We used a modified version of a survey instrument administered to 3080 life-science academic faculty in 2007,9 that we adapted and expanded based on 10 confidential personal interviews with current and former NIH faculty. In addition, experienced survey researchers pretested the new survey items using 11 cognitive interviews of NIH faculty that were not included in the final sample.
The survey focused on the faculty members’ knowledge, perceptions, and impact of the ethics rules, and also included questions on their rates of publishing, patenting, and external affiliations before and after their implantation. Because the ethics rules pertain to all external relationships, we queried respondents regarding both industry relationships and academic/professional relationships. Respondents were asked about each relationship individually over two time periods; for example, one set of questions asked, “Before the ethics rules did you serve in any of the following roles for companies as an NIH employee?” Types of industry relationships included serving as a company founder, board of directors, officer/executive, scientific advisory board, consultant, equity holder, recipient of funding for students, recipient of royalties, or corporate research collaboration. Academic and professional relationships included: journal editor, officer of a professional association, foundation board member, recipient of honoraria, or academic research collaboration. Questions regarding the faculty’s opinion on the various impacts of the ethics rules were based on a five-point Likert scale [large positive impact, small positive impact, no impact, small negative impact, large negative impact].
We asked respondents about all relationships, regardless of whether they were pre-approved by NIH administration; consequently some existing relationships, such as uncompensated scientific advisory board memberships, may be “authorized”. Because unapproved relationships are considered illegal activity that could cause the NIH scientist to be fired or prosecuted, we were concerned about the ability to reverse-identify any individual scientist. Therefore, we purposely did not ask respondents about gender, race/ethnicity, or worksite characteristics to protect confidentiality.
The Center for Survey Research at the University of Massachusetts, Boston conducted the survey by mail in a protocol identical to several previous projects.10,11 We conducted telephone follow-up to all individuals who did not return the separate postcard indicating participation. The phone calls had three main purposes: to make sure individuals had received the questionnaire and to correct addresses if they had not; to answer any questions the individual might have about the study; and to allow the individual to say he or she did not wish to participate simply by saying, “No.”. Those who declined to participate were coded as refusals and no follow-up contact was initiated. We mailed a final set of questionnaires to all those who had not returned the card and had not refused when reached by phone, with the aim of boosting the final response rate.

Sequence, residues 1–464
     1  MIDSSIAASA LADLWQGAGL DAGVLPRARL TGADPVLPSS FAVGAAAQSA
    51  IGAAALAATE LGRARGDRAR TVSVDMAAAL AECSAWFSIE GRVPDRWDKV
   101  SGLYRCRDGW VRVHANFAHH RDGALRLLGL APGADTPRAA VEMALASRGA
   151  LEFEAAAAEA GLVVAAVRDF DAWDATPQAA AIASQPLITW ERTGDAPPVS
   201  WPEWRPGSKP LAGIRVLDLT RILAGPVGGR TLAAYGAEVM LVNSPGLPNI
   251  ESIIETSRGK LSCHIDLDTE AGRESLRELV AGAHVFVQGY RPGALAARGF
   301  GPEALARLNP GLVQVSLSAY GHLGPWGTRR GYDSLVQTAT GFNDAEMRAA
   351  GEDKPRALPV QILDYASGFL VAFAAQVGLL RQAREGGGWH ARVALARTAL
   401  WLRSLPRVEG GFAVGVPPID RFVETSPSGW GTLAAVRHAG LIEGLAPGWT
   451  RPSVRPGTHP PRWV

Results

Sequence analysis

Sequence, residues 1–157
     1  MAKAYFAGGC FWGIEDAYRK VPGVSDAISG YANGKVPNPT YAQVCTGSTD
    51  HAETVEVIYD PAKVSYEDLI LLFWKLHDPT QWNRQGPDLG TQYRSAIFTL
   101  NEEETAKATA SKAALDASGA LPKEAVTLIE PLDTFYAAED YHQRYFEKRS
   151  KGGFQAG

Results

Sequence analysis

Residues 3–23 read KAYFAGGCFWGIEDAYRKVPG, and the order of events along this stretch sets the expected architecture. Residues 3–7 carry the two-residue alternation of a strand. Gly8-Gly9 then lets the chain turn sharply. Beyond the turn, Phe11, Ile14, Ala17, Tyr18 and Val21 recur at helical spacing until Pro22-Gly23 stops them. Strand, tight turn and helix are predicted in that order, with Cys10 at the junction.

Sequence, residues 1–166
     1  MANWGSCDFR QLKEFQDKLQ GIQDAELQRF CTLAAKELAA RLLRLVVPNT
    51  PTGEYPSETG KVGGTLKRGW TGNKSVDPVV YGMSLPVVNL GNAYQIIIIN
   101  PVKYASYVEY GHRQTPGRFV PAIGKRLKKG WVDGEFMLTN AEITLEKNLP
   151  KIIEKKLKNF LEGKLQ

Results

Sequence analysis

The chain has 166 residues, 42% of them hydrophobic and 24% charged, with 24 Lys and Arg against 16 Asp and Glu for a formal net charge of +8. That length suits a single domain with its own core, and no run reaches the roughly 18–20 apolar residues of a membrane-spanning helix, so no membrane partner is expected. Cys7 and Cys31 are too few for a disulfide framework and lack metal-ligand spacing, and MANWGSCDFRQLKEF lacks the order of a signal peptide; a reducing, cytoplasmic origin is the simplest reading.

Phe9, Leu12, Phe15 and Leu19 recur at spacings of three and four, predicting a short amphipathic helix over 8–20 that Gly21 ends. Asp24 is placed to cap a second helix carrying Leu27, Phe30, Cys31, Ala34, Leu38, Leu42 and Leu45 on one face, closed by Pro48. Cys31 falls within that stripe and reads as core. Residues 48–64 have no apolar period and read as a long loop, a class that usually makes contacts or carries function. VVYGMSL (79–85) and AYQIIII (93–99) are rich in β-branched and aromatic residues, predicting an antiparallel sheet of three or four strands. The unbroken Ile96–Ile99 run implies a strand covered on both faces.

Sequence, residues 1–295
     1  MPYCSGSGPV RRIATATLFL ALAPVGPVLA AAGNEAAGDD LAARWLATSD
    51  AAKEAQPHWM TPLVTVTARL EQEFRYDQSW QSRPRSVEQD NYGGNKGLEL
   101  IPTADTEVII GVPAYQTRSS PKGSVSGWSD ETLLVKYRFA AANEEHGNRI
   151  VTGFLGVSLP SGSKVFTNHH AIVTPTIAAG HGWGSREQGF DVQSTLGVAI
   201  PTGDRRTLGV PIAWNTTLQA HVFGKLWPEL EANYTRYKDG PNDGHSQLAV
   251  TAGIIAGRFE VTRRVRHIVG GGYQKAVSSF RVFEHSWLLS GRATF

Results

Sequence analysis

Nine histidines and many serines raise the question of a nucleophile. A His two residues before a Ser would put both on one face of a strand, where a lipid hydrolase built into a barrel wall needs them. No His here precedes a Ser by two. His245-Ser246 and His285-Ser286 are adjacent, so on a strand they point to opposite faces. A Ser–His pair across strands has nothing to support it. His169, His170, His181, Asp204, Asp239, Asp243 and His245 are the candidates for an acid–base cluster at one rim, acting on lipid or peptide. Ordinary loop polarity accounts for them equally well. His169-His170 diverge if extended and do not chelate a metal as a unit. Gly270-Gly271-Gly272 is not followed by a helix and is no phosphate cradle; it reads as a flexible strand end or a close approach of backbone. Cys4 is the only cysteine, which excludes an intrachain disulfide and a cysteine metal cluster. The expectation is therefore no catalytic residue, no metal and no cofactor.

This study was approved by IRBs at both the Massachusetts General Hospital and the University of Massachusetts, Boston.
We divided the sampled individuals into three organizational categories: Administrators, Investigators, and Staff Scientists/Clinicians, based on the answer to the question, “What is your organizational title(s)? (Please check all that apply.)” Possible answers were Administrator (specify title), Senior Investigator, Investigator, Staff Scientist, Staff Clinician, and Other (specify title). The lead author (D.E.Z.) analyzed the data using standard statistical techniques. Bivariate analysis employed chi-squares for testing differences in simple proportions and analysis of variances for differences in means. Mutivariate logistic analyses were used to examine differences in respective proportions and means when adjusting for multiple predictor and control variables.
Of the 900 faculty in our sample, 93 were ineligible because they were retired, no longer intramural faculty, too ill to participate, or deceased. Of the remaining 807 faculty members, 566 completed the survey, for an overall response rate of 70.1%.12 The sensitive nature of the study and the subsequent need for anonymity of the questionnaires prevents us from a more detailed analysis of non-respondents. Although respondents were generally thorough and answered 97.8% of all possible questions, missing data from individually skipped questions slightly reduces the denominator of individual calculations and varies slightly across survey items.
Table 1 shows the characteristics of the 564 respondents (2 respondents chose not to answer questions about their professional characteristics). Of these faculty, 65 (11.5%) were administrators; 344 (61.0%) investigators; and 155 (27.5%) were staff scientists or staff clinicians. Nearly 95% (n = 541) were employed at the NIH before the introduction of new ethics rules in August 2005, and over half of all administrators and investigators had worked at the NIH for more than 15 years (P < .001 compared to scientists/clinicians). In terms of their educational background, 34% (n = 22) of administrators and 20% (n = 70) of investigators held MD degrees, compared to 9.7% (n = 15) of staff scientists (P < .001).